WHOLE GENOME ANALYSIS BY ARRAY-BASED COMPARATIVE GENOMIC HYBRIDIZATION IN PATIENTS WITH CONGENITAL MALFORMATIONS
Dimova I1, Vazharova R1, Nikolova D1, Tincheva R2, Nesheva D1, Uzunova Y3, Toncheva D1,*
*Corresponding Author: Professor Draga Toncheva, Department of Medical Genetics, Medical University Sofia, 2, Zdrave str., 1431 Sofia, Bulgaria; Tel./Fax: +359-2-952-0357; E-mail:dragatoncheva@yahoo.com
page: 33

DISCUSSION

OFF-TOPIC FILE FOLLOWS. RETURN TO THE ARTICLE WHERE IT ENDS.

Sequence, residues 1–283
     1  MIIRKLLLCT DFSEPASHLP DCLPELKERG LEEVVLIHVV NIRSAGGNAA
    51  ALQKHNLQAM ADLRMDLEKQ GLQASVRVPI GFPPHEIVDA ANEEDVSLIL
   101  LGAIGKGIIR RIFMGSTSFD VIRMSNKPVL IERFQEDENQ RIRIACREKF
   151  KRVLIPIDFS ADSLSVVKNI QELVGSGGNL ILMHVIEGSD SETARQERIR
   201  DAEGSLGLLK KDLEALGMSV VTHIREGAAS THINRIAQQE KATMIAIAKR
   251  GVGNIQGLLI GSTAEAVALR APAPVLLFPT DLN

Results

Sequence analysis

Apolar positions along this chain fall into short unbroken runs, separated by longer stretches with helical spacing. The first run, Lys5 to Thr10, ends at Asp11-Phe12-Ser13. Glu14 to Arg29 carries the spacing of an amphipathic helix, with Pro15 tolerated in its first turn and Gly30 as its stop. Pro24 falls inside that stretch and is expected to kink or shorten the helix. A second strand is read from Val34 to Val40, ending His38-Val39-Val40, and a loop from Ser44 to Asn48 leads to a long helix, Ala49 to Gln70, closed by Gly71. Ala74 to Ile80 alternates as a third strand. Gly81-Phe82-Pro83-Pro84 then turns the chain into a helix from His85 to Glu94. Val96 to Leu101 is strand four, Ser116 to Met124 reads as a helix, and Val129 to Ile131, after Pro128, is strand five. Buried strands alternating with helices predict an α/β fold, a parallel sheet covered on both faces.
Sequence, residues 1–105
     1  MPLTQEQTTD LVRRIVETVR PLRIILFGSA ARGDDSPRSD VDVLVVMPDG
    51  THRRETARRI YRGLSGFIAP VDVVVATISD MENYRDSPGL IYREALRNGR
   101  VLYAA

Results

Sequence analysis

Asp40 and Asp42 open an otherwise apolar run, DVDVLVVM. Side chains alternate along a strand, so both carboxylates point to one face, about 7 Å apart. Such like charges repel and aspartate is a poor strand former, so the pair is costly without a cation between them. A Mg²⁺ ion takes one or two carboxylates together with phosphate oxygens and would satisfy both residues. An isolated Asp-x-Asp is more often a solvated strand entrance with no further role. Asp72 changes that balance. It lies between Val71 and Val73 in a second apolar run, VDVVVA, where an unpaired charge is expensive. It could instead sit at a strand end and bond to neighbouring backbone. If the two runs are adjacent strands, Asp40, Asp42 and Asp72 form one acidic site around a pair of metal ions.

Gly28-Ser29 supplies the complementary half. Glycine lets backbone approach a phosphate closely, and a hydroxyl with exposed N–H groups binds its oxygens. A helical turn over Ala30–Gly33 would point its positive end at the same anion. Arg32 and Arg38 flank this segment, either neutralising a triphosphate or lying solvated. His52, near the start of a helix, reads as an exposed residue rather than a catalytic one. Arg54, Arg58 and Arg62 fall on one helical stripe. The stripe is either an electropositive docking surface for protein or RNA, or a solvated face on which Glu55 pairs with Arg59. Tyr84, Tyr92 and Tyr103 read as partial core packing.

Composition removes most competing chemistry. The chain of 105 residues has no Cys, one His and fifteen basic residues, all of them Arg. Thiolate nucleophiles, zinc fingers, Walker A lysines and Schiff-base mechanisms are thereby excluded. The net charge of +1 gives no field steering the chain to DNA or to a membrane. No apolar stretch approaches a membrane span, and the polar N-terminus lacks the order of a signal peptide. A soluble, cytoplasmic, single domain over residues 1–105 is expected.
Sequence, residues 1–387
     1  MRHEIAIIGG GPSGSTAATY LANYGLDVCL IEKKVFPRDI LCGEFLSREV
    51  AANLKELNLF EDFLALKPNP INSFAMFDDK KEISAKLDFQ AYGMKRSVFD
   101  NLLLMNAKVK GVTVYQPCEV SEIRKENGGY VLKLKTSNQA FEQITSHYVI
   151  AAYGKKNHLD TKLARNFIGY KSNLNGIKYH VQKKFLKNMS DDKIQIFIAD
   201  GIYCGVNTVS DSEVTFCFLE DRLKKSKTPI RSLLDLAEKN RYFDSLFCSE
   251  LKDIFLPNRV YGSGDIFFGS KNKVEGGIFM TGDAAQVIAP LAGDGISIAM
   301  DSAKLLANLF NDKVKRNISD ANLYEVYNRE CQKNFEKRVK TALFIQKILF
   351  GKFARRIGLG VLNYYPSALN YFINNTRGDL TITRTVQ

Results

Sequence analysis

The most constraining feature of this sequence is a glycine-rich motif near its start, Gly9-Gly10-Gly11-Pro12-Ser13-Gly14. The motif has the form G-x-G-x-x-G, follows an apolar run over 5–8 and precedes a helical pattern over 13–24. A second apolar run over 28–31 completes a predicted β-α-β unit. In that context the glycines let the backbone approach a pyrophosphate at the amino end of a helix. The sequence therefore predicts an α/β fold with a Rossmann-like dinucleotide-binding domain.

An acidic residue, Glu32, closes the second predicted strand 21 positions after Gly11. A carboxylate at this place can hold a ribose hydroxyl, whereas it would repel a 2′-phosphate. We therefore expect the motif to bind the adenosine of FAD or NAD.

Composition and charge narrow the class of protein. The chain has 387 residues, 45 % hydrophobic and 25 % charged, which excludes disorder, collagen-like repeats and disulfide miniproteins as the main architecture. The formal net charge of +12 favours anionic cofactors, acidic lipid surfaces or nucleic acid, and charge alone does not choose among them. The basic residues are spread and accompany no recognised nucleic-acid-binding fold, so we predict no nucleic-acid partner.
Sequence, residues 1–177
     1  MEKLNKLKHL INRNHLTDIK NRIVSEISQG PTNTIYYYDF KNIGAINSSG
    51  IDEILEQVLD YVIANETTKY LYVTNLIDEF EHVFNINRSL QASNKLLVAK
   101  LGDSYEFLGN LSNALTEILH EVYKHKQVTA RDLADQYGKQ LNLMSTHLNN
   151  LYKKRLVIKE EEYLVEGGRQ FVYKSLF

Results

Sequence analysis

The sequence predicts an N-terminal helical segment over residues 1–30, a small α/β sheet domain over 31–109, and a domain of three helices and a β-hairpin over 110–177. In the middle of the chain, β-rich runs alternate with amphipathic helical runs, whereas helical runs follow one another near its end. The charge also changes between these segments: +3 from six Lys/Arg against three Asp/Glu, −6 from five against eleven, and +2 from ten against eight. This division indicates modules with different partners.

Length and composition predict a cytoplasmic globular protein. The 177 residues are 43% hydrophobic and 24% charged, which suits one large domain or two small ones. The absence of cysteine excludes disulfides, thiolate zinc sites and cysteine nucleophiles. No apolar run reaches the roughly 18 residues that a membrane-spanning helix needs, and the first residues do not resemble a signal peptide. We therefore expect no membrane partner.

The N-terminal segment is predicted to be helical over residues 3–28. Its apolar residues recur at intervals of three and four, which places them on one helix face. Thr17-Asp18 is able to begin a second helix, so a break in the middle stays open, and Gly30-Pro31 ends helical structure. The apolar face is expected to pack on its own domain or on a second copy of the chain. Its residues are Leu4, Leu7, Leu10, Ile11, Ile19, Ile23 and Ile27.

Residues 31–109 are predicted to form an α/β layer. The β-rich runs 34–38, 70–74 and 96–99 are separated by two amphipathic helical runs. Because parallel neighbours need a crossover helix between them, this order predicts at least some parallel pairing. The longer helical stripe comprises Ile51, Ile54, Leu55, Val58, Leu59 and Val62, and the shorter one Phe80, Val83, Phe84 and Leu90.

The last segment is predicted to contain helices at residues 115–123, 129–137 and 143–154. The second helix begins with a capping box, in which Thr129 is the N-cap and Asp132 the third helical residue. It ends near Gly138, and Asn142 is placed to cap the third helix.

We used the technique of array-CGH to screen micro-structural whole genome copy number changes in four patients with congenital malformations. We detected a specific genomic abnormalities in one of the four patients and different copy number polymorphisms in all four patients. This technique permits identification at a high resolution of micro-structural abnormalities in human chromosomes [7]. In comparison to fluorescent in situ hybridization (FISH) and classical cytogenetic diagnostics, the method has a much higher sensitivity and permits screening of the whole genome simultaneously for unbalanced micro-structural rearrangements [8]. It is also applicable for effective screening of new dose-dependent genes, which are important for the emergence of many human diseases [9]. The use of the BAC clones ensures strong and large signals that can be measured over a broad range – from deletions to amplifications [9,10]. We established copy number polymorphisms in all of our patients. According to recent publications [11-13], more than half of the variability between human genomes is due to copy number variations (CNVs) of small regions of DNA. It is hypothesized that these CNVs are responsible for some complex diseases and are more frequent than single nucleotide polymorphisms [11-13]. There are more than 6,000 known regions of CNV, and there may be many more [13,14]. The impact of CNVs in the development of congenital malformations remains to be seen.Our most interesting finding was the loss of genetic material from chromosome 18 in patient 3. This deletion comprises the region 18q21.1-q23 and encompassed 48 deleted BAC clones. The 18q syndrome (OMIM #601808) is characterized by mental retardation, facial dysmor phism, congenital malformations and deformities of the feet, depending on the size of the deleted region [15]. The critical region in the ‘typical’ 18q phenotype is one of 4.3 Mb located within 18q22.3-q23. A recent study investigated partial deletions of the long arm of chromosome 18 and identified critical regions for microcephaly (18q21.33), short stature (18q21.- -q21.33, and 18q22.3-q23), white matter disorders (18q22.3-q23) and CAA (congenital aural atresia) (18q22.3) [15]. These observations are consistent with the clinical symptoms in our patient. During investigation of the deleted region in the long arm of chromosome 18 by genome browser, we delineated 149 genes, of which some have no known function. Other genes in this region may also be related to the abnormal phenotype. Among these we found genes with regulatory function (ZNF236, zinc finger protein 236), transcription coactivators and regulators [DCC, deleted in colorectal carcinoma; RAX, retina and anterior neural fold homeo box; TSHZ1, teashirt family zinc finger 1), translation regulators 38 (NARS, asparaginyl-tRNA synthetase), transporters (CCBE1, collagen and calciumbinding EGF domains 1), inducte of apoptosis (PMAIP1, phorbol- 12-myristate-13-acetate-induced protein 1), regulators of cell growth (SOCS6, suppressor of cytokine signaling 6; PARD6G, par-6 partitioning defective 6 homolog gamma (C. elegans)] and others. These genes may be good candidates for further functional studies, as candidate genes for the human development and congenital anomalies. Our concurrent array CGH analysis and karyotyping in the patient with 18q deletion, showed that microarray technology is useful for the detection of low level mosaicism.




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